Rotax 915 is not for new pilots

Greg Vos

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Reading the comments on Terecel and such.....I have hundreds of hours on Xenon type gyro, I often see the in incorrect take off procedure being used.
I prefer to just pre rotate to 150 Rpm, then stick back and gently run down the RW letting the inflow air spin her up, at 200 Rpm the the nose will gently come up ...catch it right there and keep the nose wheel 10 inches off the deck now take power and when you see 60 Mph indicated fly it out.

This saves wear on the pre rotator mechanism and make the take off elegant and smooth ......now the front wheel is off the ground you have the stick in hand and if your not ham fisted the front wheel should not touch the ground so how much right rudder is used is irrelevant
As for power well that is one thing I will never complain about saying a 915 is not for a beginner is not correct I think a big problem is the flight training and making sure a student pilot is familiar with his machine.
 

rdalcanto

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But why should there be more p-factor with one person than with two? Is it because you significantly increase your angle of attack when solo?
I think one vs two is more about how soon the front wheel comes off the ground. With one person, the front wheel comes off when there is less airflow over the rudder, and the main rotor is still going slower.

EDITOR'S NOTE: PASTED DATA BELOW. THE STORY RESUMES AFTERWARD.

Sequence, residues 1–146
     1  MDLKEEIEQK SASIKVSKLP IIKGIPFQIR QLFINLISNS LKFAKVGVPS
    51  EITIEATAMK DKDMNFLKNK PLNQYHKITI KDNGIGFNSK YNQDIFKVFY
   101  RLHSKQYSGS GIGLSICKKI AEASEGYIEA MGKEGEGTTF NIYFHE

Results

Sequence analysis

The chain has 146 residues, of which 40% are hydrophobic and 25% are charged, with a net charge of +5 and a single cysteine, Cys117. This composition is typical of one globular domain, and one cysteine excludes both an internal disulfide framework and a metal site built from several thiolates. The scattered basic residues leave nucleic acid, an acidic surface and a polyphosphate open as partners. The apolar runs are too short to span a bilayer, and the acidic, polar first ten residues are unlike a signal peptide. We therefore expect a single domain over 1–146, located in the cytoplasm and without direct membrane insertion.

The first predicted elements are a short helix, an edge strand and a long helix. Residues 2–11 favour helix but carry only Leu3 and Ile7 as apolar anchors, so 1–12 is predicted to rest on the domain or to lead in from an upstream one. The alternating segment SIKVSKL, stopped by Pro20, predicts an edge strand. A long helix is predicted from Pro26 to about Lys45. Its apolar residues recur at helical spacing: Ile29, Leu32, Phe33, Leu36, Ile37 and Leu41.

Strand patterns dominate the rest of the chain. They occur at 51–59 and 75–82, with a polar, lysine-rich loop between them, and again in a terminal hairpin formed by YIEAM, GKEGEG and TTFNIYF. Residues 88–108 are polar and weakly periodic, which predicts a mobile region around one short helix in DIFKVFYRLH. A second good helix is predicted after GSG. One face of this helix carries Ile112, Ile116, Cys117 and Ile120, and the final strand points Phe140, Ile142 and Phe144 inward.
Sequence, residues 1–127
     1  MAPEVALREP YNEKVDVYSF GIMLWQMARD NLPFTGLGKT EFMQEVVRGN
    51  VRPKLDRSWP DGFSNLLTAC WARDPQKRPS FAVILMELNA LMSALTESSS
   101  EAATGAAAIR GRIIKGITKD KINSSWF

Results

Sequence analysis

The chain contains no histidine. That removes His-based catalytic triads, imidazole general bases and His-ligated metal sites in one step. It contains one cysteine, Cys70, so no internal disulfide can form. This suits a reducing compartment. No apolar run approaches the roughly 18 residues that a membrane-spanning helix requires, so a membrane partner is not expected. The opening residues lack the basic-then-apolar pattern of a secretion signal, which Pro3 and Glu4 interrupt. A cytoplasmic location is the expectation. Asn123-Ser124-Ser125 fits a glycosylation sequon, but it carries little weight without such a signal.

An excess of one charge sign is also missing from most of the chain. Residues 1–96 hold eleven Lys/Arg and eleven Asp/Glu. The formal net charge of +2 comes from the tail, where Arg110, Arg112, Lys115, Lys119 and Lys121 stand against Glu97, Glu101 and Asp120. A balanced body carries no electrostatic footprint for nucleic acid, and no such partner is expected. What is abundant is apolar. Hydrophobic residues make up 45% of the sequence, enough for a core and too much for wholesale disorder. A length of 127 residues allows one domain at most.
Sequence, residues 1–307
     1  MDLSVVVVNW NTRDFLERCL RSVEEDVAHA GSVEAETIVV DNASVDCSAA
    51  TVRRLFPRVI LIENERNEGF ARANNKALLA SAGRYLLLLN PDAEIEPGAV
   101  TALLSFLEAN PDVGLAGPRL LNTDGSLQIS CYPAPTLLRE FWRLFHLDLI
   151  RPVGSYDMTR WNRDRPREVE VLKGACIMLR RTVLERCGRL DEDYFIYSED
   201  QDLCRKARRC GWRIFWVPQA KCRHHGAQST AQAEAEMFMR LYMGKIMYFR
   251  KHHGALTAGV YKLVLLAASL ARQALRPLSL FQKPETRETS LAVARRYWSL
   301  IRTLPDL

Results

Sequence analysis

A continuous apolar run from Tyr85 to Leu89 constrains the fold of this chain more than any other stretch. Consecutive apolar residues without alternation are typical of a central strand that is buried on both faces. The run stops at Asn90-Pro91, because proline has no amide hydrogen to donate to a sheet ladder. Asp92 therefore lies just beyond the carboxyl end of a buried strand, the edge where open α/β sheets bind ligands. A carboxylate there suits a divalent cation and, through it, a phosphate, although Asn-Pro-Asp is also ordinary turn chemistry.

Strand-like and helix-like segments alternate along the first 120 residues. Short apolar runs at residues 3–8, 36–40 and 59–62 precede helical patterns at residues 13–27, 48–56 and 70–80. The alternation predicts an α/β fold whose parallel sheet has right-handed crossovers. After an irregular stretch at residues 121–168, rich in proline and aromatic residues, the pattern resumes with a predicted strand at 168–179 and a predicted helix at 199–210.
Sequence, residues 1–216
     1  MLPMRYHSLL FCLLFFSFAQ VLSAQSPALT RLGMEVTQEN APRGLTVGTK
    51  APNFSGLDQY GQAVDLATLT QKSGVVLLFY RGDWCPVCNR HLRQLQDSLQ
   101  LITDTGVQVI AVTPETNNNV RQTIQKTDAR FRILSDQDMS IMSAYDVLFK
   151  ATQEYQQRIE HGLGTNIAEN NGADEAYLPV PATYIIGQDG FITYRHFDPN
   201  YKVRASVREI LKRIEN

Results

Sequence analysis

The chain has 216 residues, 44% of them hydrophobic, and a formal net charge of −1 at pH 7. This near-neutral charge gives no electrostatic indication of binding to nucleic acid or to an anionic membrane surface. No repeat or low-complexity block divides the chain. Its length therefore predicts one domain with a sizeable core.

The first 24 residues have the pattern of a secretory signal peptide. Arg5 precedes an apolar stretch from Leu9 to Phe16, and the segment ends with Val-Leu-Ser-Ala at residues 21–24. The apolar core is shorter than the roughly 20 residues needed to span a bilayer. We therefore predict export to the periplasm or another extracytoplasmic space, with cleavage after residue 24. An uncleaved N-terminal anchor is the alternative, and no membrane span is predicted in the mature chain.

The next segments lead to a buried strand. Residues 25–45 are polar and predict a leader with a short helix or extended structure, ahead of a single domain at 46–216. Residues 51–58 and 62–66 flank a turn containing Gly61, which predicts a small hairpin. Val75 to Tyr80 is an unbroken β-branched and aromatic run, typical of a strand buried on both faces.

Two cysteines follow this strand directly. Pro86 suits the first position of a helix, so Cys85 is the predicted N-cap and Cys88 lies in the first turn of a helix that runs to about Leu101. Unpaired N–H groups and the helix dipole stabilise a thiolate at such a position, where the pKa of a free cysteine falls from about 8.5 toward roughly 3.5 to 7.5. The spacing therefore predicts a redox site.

Since starting this thread, I've done a lot of takeoffs with a lot less power at the start of the takeoff roll. I use twice as much runway, but there is no question that makes it easier. One of my instructors was a very high time pilot in the Tercel, and he would slam to full throttle at the end of pre-rotation. That worked for someone like him, but I think for new pilots, it is too difficult a technique. In fact, a new student wrecked a Tercel when he went off the left side of the runway on take off in Spanish Fork in the last year, and I would not be surprised if he was going to full throttle right away.
 

Tyger

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I think one vs two is more about how soon the front wheel comes off the ground. With one person, the front wheel comes off when there is less airflow over the rudder, and the main rotor is still going slower.

Except that, as Phil and Jean Claude have suggested, I think your left yaw is caused by (twisting) airflow over the vertical surfaces of the low tail. Actual p-factor will yaw you to the right.
 
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WaspAir

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P-factor is a term that airplane people use all the time, but we rotorcraft folk have other words to describe it better. It is really just the old familiar dissymmetry of lift, but as seen at the prop, rather than at the main rotor, with the "advancing" blade being the one that's descending as you move forward with a bit of upward airframe pitch.

Picture tilting a propeller very far back or a rotor very far forward, and it's all the same thing (we just don't bother to hinge or teeter the prop). Sometimes as an instructor I get annoyed that the existence of a different name implies to a student different physics to be learned, when it often doesn't, and it just makes thing unnecessarily hard for the student.
 
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